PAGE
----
Education has been linked closely with the growth of professionalism in the military forces of the United States since the mid‐nineteenth century. Its principal purpose is to ensure the mastery of a body of specialized knowledge, one of the characteristics of any profession. Accordingly, the principal subject areas of professional military education include: the art of command (leadership); the organization and management of military forces; strategy, tactics, and logistics; military history; national security policy; the relationship of armed forces and society; and individual analytical and communication skills. The approach to these professional topics becomes broader, more complex, and more abstract at each successive level of formal military schooling.
Before World War II, the pace of peacetime garrison life or duty at sea left a good deal of time for individual professional study. Since 1945, the pace of active service and the resulting demands on an officer's time have increased tremendously, as have the breadth and complexity of the body of knowledge that must be mastered. Consequently, formal military schools now provide the principal venue for professional development.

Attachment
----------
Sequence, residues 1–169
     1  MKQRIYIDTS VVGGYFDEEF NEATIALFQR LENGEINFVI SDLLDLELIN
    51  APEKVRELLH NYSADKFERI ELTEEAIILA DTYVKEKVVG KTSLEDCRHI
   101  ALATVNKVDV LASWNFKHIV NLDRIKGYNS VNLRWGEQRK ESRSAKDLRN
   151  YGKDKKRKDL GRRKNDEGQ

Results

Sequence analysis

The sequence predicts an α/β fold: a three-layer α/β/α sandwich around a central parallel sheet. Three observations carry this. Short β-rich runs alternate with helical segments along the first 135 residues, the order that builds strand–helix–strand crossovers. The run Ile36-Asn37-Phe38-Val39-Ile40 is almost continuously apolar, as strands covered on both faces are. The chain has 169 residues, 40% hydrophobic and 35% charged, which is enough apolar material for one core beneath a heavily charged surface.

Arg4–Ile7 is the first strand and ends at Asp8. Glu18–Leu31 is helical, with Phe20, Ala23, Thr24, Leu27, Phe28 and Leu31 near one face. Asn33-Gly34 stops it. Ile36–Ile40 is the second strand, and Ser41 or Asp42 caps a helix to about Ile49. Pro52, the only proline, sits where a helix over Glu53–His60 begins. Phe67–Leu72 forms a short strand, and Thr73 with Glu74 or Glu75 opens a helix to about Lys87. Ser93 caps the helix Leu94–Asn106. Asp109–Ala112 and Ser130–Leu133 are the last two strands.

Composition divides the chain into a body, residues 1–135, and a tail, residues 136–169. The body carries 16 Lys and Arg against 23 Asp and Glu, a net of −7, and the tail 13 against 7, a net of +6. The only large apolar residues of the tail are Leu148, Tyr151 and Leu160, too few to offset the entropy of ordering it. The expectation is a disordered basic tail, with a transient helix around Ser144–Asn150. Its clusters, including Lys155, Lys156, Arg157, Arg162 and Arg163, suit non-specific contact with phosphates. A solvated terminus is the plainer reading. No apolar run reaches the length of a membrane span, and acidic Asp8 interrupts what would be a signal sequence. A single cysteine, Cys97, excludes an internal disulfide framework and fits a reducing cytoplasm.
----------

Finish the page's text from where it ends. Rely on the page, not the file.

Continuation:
Each of the military services has its own integrated, progressive program of formal education, which includes attendance for selected personnel at formal courses at the undergraduate, service school, staff college, and senior service college levels, as well as technical courses and courses at joint postgraduate schools. The four undergraduate national service academies (the Military Academy at West Point; the Naval Academy at Annapolis; the Air Force Academy at Colorado Springs; and the Coast Guard Academy at New London), the ROTC programs found on many college campuses, and officer candidate schools run by each of the services prepare young men and women for initial entry to the services as commissioned officers. Basic service school courses, such as those for army infantry officers at Fort Benning, Georgia, and for Marine Corps officers at Quantico, Virginia, prepare newly commissioned junior officers for duties in operational units and aboard ship. Advanced service school courses, such as those offered by the Air Force Squadron Officers School at Maxwell Air Force Base, Alabama, and the army's Transportation School at Fort Eustis, Virginia, prepare senior company‐grade officers for small unit command and staffwork through battalion level. Staff colleges—the army's Command and General Staff College at Fort Leavenworth, Kansas, for example—prepare selected mid‐level career officers for service at battalion, brigade, and division level, and equivalent navy and air force echelons. Finally, the three senior service colleges—the Naval War College at Newport, Rhode Island; the Army War College at Carlisle Barracks, Pennsylvania; and the Air War College at Maxwell Air Force Base, Alabama—prepare selected senior field‐grade officers for the highest command and staff positions. In addition, three joint service colleges—the Armed Forces Staff College in Norfolk, Virginia, and the National War College and the Industrial College of the Armed Forces, both in Washington, D.C.—seek to improve joint operations through interservice understanding and cooperation. A limited number of American officers are also selected to attend the military schools of other nations or the NATO Defense College in Rome. Specialist courses, graduate degree programs at civilian universities, and training with industry complete the array of formal military schooling.